Smith & Wesson’s sales plunge to lowest level in 13 years, stock falls toward 2-year low

Smith & Wesson Brands Inc. reported its lowest quarterly sales total in more than 13 years Thursday, sending shares lower in after-hours trading, as gun demand cools from an early pandemic surge.

Smith & Wesson
SWBI,
-5.96%

reported fiscal first-quarter net income of $3.3 million, or 7 cents a share, on sales of $84.4 million, down 69.3% from $274.6 million a year ago. After adjusting for spinoff expenses and other costs, the firearms maker reported earnings of 11 cents a share.

Analysts polled by FactSet expected adjusted earnings of 21 cents a share on sales of $129.8 million.

Smith & Wesson stock closed with a 1% decline at $13.43. Following the announcement of the results after hours, shares fell lower than $12 — a level the stock has not fallen to in regular trading since mid-2020 — then rebounded back above that level, though still down 6%.

The quarterly revenue total was the lowest Smith & Wesson has reported since the quarter that ended in January 2009, according to FactSet records. The gun company had not reported less than $100 million in quarterly net sales since the January quarter of 2012.

Smith & Wesson Chief Executive Mark Smith laid the blame for the big revenue miss on inventory corrections needed in the sales channel due to a decline in demand for guns late in 2021 and early in 2022.

“The industry experienced our first normal summer slowdown in three years,” he said during the company’s earnings call. “And in addition to the usual seasonal foot traffic decline throughout the period, our channel partners were also selling through existing inventories and therefore we believe manufacturer orders were artificially depressed as compared to retail pull through.”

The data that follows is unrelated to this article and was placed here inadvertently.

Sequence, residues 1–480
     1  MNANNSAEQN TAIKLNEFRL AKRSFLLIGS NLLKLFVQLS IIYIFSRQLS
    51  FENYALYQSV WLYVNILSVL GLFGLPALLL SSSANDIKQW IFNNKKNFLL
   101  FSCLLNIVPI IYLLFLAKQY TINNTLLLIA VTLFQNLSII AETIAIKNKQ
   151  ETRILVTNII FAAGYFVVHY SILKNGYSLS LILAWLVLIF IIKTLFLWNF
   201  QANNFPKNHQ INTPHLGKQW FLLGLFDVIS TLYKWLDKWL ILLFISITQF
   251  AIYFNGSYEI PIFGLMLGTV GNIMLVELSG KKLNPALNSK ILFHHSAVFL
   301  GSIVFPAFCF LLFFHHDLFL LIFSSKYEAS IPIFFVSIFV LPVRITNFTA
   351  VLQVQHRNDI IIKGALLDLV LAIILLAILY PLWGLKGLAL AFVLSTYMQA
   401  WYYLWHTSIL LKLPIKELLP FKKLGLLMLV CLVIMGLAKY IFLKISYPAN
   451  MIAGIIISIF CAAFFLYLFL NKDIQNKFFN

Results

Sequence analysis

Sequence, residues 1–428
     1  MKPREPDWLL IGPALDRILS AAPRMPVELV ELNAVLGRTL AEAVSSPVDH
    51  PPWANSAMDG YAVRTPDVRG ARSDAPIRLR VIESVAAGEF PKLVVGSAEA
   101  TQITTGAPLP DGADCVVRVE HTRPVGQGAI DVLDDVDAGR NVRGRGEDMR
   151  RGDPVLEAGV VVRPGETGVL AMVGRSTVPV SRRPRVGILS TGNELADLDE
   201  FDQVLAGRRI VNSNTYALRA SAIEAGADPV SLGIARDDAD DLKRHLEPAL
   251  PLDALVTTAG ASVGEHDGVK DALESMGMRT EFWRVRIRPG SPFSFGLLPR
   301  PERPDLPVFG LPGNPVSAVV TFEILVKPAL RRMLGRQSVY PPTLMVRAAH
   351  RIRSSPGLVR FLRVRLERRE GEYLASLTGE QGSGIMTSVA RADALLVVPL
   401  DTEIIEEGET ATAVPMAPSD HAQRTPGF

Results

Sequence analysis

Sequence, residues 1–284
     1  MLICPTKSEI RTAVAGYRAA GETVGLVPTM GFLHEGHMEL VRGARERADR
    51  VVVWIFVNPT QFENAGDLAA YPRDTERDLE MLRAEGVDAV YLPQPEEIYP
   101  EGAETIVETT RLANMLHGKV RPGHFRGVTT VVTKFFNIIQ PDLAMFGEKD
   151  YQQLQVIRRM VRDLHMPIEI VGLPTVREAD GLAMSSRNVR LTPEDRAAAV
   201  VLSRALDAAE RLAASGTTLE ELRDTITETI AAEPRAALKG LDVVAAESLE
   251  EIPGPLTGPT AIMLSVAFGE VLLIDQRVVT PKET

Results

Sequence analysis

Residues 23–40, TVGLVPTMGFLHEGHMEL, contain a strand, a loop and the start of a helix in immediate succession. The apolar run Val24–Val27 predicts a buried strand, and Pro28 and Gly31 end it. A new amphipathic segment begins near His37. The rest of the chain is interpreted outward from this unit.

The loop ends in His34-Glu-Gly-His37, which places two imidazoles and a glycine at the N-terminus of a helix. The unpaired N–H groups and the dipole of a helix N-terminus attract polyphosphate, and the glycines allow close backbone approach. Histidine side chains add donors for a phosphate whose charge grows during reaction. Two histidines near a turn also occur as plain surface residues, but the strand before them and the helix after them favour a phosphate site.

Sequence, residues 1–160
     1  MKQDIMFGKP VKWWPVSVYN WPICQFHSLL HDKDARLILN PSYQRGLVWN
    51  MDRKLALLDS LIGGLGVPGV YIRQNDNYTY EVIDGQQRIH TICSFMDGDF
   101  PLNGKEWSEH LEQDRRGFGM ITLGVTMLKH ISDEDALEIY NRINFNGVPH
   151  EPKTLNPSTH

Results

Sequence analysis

But he said order rates had rebounded since the end of the quarter, a sign that inventory snags were behind them.

“We continue to expect strong profitability over the remainder of the year aided by our disciplined approach to cost control and promotional spending,” he said in Smith & Wesson’s earnings release.

Three months ago, during the company’s fourth-quarter earnings call, Smith said Smith & Wesson faced higher costs for materials, transportation and labor, but that enthusiasm for shooting sports was still solid. During the call in June, CFO Deana McPherson said “the firearm market has returned to more normalized levels of demand over the past few quarters.”

McPherson said she expected this fiscal year to follow typical historical patterns, with demand picking up in the second quarter due to hunting season and the holiday season in the third. She said she expected the fourth quarter to produce the biggest share of unit volumes.

FBI NICS background checks — a proxy for gun demand — are down so far this year when compared with last year.     

Smith & Wesson shares have declined 24.6% so far this year, as the S&P 500 index
SPX,
+0.75%

has fallen 16.5%. 

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